Friday, August 14, 2009
We are a couple days into the last bow making workshop of the year. We have been blessed with beautiful August weather. Low humidity and a light breeze have made this workshop very pleasant. Sitting outside the new Ak facility, in the shade of a large oak tree has been a treat. Several neighborhood kids have stopped by to see whats going on. The workshop has gone quite smooth so far. Everyone is right on schedule and there have been no surprises with bow staves. Bill is working on a hickory stave and Steve is working on an Osage Orange stave. They both have finished finding the growth rings, laying out, and profiling. Now the are in the process of We have already taken the staves to a single growth ring, shaped and are now into the floor tillering process. They may be shootable by Saturday evening. I will keep you posted as things progress.
Thursday, April 30, 2009
Over the weekend of April 25-26 A.K. held its first primitive arrow making class. This class focused on the steps it takes to produce a primitive arrow. The first day was spent harvesting arrow shafts of Viburnum and learning how to straighten them. The process of straightening can be achieved two ways with heat or slowly straightening the shaft over the course of several months. I supplied some already seasoned and straightened shafts that we scraped and sanded to perfection. We Then began the process of grinding our arrowheads out of bone. I introduced the students to a primitive vice, some would call it a glorified clothespin, I call it a skin and knuckle saver. At the end of the day the points were looking great. The second day of the class we spent finishing the bone points, processing sinew, and preparing the feathers for fletching. After the nocks were carved into both ends of the shaft we began the construction. We oiled and fire hardened the completed points and put on their final edge. We then applied the pitch and hafted the point to the shaft with sinew. Once everything was cool we began fletching the arrow. Its always a treat to watch someone make there first arrow. The tedious process of pitch application and fletching is always a bit comical in its difficulty. Once the fletching was done we trimmed our feathers using coals from the fire. The completed arrows were not only beautiful they are deadly. I hope to harvest a deer with mine this season.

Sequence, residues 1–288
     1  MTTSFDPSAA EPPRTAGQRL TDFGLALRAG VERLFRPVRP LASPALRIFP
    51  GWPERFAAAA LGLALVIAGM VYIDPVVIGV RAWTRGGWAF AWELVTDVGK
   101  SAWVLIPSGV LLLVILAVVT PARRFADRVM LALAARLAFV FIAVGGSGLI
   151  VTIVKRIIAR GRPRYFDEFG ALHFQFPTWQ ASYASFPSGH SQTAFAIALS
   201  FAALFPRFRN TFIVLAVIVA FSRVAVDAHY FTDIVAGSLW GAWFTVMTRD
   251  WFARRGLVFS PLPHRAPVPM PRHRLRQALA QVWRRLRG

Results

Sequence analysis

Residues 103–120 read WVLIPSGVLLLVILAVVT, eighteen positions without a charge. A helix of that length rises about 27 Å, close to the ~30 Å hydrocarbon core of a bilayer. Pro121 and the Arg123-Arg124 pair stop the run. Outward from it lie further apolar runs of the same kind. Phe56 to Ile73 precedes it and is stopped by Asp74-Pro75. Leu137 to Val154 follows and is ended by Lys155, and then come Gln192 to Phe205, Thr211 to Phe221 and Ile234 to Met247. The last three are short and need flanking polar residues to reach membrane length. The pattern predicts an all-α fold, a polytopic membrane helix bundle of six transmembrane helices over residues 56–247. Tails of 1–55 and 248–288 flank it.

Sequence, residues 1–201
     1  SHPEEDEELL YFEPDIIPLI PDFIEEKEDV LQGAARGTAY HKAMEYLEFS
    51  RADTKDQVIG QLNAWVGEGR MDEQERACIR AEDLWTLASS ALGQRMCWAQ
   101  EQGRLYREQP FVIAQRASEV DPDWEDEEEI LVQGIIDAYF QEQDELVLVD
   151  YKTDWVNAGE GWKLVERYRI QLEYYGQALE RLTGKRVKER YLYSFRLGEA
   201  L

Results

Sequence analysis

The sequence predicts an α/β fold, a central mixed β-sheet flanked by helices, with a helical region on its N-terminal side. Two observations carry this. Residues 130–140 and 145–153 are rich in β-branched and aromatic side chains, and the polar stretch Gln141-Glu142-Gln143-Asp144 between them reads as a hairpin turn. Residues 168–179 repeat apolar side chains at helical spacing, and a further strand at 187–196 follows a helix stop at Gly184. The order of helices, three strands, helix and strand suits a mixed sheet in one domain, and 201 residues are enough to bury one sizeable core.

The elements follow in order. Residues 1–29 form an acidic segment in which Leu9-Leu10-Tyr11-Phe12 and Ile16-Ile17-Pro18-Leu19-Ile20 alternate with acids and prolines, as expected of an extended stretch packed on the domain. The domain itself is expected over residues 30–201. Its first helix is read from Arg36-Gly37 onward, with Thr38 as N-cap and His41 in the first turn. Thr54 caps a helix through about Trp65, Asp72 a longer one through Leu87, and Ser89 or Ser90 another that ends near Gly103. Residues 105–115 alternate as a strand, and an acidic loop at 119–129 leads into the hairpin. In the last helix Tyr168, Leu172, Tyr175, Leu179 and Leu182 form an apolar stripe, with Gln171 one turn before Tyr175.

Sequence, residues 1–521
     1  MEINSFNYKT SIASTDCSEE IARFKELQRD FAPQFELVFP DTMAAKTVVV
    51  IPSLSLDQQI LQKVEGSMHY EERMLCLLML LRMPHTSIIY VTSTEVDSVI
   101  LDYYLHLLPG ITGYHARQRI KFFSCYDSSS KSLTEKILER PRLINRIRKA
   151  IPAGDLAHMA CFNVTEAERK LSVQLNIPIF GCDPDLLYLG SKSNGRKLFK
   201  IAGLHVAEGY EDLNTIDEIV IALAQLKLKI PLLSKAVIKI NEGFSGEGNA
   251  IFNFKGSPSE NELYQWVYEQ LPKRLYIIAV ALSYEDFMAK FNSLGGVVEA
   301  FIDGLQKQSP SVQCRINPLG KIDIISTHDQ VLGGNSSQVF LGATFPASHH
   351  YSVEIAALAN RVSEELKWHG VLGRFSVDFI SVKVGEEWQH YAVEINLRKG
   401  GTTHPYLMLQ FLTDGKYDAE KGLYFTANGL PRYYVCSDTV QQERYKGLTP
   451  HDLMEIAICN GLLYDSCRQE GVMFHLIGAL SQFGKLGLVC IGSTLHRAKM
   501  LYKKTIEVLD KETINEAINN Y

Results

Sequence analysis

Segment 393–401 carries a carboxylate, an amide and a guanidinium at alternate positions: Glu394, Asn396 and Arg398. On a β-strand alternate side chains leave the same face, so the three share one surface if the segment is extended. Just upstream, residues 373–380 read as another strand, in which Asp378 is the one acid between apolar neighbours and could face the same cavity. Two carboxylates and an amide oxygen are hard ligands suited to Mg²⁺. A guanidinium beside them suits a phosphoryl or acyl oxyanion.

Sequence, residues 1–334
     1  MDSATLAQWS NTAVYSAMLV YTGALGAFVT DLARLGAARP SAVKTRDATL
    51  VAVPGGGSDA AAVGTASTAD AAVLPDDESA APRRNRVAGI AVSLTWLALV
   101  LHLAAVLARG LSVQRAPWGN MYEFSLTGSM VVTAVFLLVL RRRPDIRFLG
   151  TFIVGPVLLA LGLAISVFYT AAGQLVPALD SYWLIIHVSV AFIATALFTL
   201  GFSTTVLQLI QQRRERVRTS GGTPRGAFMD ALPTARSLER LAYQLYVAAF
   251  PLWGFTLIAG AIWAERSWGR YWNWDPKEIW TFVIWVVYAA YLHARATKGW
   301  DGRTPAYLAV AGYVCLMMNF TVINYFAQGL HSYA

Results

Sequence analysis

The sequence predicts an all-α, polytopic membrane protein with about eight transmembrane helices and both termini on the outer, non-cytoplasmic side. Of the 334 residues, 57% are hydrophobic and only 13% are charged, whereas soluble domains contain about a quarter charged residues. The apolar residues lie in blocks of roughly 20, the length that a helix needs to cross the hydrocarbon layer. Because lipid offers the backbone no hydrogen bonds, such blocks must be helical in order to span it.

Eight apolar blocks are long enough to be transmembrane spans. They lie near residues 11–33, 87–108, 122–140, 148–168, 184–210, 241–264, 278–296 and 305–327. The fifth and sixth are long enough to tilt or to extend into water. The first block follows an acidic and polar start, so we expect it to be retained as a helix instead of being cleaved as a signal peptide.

Monday, April 20, 2009
On April 18th Ancestral Knowledge hosted its first animal tracking workshop. The workshops was taught along t the Paint Branch Creek in College Park MD. This area is rich with animal diversity and hosts one of the finest sand bars in the area. I spent over 16 hours a week for over 2 years tracking and observing animals and animal behavior in this location, in essence this is were I became a tracker. It was a beautiful day reaching 70 degrees with a light wind from the south. We spent 6 hours tracking 4 different animals. Finding each print and identifying its species. The first trail we followed was a treat, having only seen clear tracks of this animal on 2 occasions in 2 years and never having seen a full clear front track. Today we had the gift of seeing several trails and trail conditions. The first two pictures are of this animals trail and I will leave it to you to try and figure out who it was we were following. As the day progressed the tracking became more and more difficult. The suns angle was changing and they were put on more and more difficult trails to follow. The third trail was along a run where fox traveled back and forth frequently. The trackers had to figure out which trail was connected to the original track I set them on. Track aging was crucial but not impossible to determine which tracks were from the night before and the ones laid that morning. The fox was doing its typical 2 x trot. After a short break to mend our tracker headaches we moved into the wooded area along the creek to look for some good deer tracks to follow. Tracking in leaf litter is a bit more challenging then on sand as you can imagine. After a short walk I found two great trails to follow. These trails taught the trackers a great deal about becoming the animal and seeing through their eyes. One trail was a meandering slow walk as it ate along the way. The other trail was of a cautious deer as it approached a bike path. The trackers quickly learned to expand their awareness to their surroundings to notice the different plants the deer nibbled on and the sight lines that the other deer paused for to check if anyone was coming along the bike trail before crossing. All in all it was a great day and I look forward to sharing the wonders of tracking in the future.
Wednesday, April 1, 2009
Ancestral Knowledge has been working with home-schooled youth for several years now. We have tried many variations of programs and found that seasonal bimonthly meetings work the best. The 5 hour program is part primitive skills and part naturalist studies. The intent of the program is to broaden the students awareness of their environment and their role with in it. Each skill we teach has a lesson that is larger then the obvious. They are designed to lead the students to discover a new plant, tree, or other skill set to complete the task at hand or will be needed for another. Each participant is given projects that to be worked on between meetings to help create a self motivated passion to learn about the old ways of life while exposing them to experiences that they might never have otherwise. Each season we end with a three day two night camp out. On this adventure in the Shenandoah Mountains the participants put to use the skills that they have been practicing throughout the program. We are very proud of our students and are amazed at how much they want to learn every time we meet with them.